When retailers want to clear space for the next season they will often discount old kits to make space. This happens a lot for clothing but also for complete bikes, frames and nutrition too.

If you have enough gear to last the current season and you can wait until the end, doing so can save a whole lot of money. It does mean you’re not wearing the latest colors but if you’re after saving cash, you won’t mind that too much.

Use price matching

You can price match anything, anywhere, and spending a little time doing your research can save you a lot. It’s always worth supporting your local bike shop wherever possible. But if there are significant price differences, shopping around and comparing prices is always the way to go.

Then there are the voucher sites and hot deal websites. Both can stretch that saving a little further by offering short-term deals and super specials that can also add to the cash saved.

Spend as much time researching pricing as you do reading reviews and you won’t go far wrong.

Join a Strava challenge

Recently, Strava has emerged as a new outlet for brands to run marketing campaigns. Brands such as Castelli, Le Col, La Passione, Fizik, and ROKA are some of the active ones that regularly run Strava Challenges where you’ll get discounts on their products if you completed a specific challenge.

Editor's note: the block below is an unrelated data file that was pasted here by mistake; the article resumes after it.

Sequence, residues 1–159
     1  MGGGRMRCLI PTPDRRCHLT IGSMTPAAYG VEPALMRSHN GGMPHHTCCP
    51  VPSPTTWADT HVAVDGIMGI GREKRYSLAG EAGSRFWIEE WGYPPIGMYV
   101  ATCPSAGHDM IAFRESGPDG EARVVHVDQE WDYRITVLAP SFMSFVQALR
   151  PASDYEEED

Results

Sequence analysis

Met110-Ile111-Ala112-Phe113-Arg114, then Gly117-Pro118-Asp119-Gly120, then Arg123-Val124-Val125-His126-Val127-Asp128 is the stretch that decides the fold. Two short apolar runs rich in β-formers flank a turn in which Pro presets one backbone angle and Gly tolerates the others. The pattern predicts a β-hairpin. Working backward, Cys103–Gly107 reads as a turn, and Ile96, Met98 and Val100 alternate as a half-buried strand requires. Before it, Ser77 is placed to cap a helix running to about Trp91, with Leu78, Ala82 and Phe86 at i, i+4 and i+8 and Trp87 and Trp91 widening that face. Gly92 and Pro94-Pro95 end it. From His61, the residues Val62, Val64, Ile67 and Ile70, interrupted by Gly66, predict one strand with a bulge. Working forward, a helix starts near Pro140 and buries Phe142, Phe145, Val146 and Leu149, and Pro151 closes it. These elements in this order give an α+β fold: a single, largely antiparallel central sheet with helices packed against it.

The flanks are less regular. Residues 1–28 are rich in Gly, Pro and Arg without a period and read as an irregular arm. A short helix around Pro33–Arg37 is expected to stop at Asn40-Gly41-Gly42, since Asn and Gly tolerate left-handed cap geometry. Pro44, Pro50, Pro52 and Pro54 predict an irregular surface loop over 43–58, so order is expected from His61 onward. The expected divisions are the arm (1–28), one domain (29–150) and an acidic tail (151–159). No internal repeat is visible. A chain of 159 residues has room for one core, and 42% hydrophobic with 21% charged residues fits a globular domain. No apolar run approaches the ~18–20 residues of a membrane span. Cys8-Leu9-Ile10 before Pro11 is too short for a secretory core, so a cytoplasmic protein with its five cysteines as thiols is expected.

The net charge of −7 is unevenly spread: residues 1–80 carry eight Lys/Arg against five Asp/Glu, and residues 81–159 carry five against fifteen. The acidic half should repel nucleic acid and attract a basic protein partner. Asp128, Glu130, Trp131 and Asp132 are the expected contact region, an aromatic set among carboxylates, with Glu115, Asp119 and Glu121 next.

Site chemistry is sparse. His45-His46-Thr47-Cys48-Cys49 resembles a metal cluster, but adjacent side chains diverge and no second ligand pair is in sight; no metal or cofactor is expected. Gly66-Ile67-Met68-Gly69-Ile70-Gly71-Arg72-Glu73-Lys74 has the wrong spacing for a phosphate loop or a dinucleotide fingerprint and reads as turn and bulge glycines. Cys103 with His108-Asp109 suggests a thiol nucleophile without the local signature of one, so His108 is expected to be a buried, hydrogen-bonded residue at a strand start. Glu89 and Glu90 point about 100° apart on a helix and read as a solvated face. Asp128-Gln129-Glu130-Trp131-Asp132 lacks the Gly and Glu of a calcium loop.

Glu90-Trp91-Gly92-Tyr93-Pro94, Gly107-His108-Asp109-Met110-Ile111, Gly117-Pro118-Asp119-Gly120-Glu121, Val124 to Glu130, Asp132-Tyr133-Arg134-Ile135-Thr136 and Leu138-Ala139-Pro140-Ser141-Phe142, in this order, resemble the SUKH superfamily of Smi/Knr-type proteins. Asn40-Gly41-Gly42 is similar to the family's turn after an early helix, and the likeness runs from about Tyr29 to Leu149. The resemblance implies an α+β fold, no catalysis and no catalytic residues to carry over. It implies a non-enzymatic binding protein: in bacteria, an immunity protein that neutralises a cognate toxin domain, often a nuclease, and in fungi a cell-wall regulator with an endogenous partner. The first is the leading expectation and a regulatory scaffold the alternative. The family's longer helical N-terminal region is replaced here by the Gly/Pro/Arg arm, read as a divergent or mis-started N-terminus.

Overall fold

These challenges are usually measured in terms of distance or time. If you’re an active cyclist, you’ll complete the challenges without much effort.

More reading : How to Use Strava for Cycling

Buy secondhand

There is nothing wrong with buying secondhand as long as you’re careful. Some would call it used but not abused.

Buying without seeing can be potentially risky if you’re dealing with carbon components, as you’re never quite sure how it has been treated. If you can have a look and inspect the item before paying, or the seller offers a no-quibble refund then it’s game on.

Websites like Craigslist, Gumtree, eBay, and Facebook Marketplace, cycling clubs, and word of mouth are all great ways to get something you wouldn’t normally be able to afford at a fraction of the original price.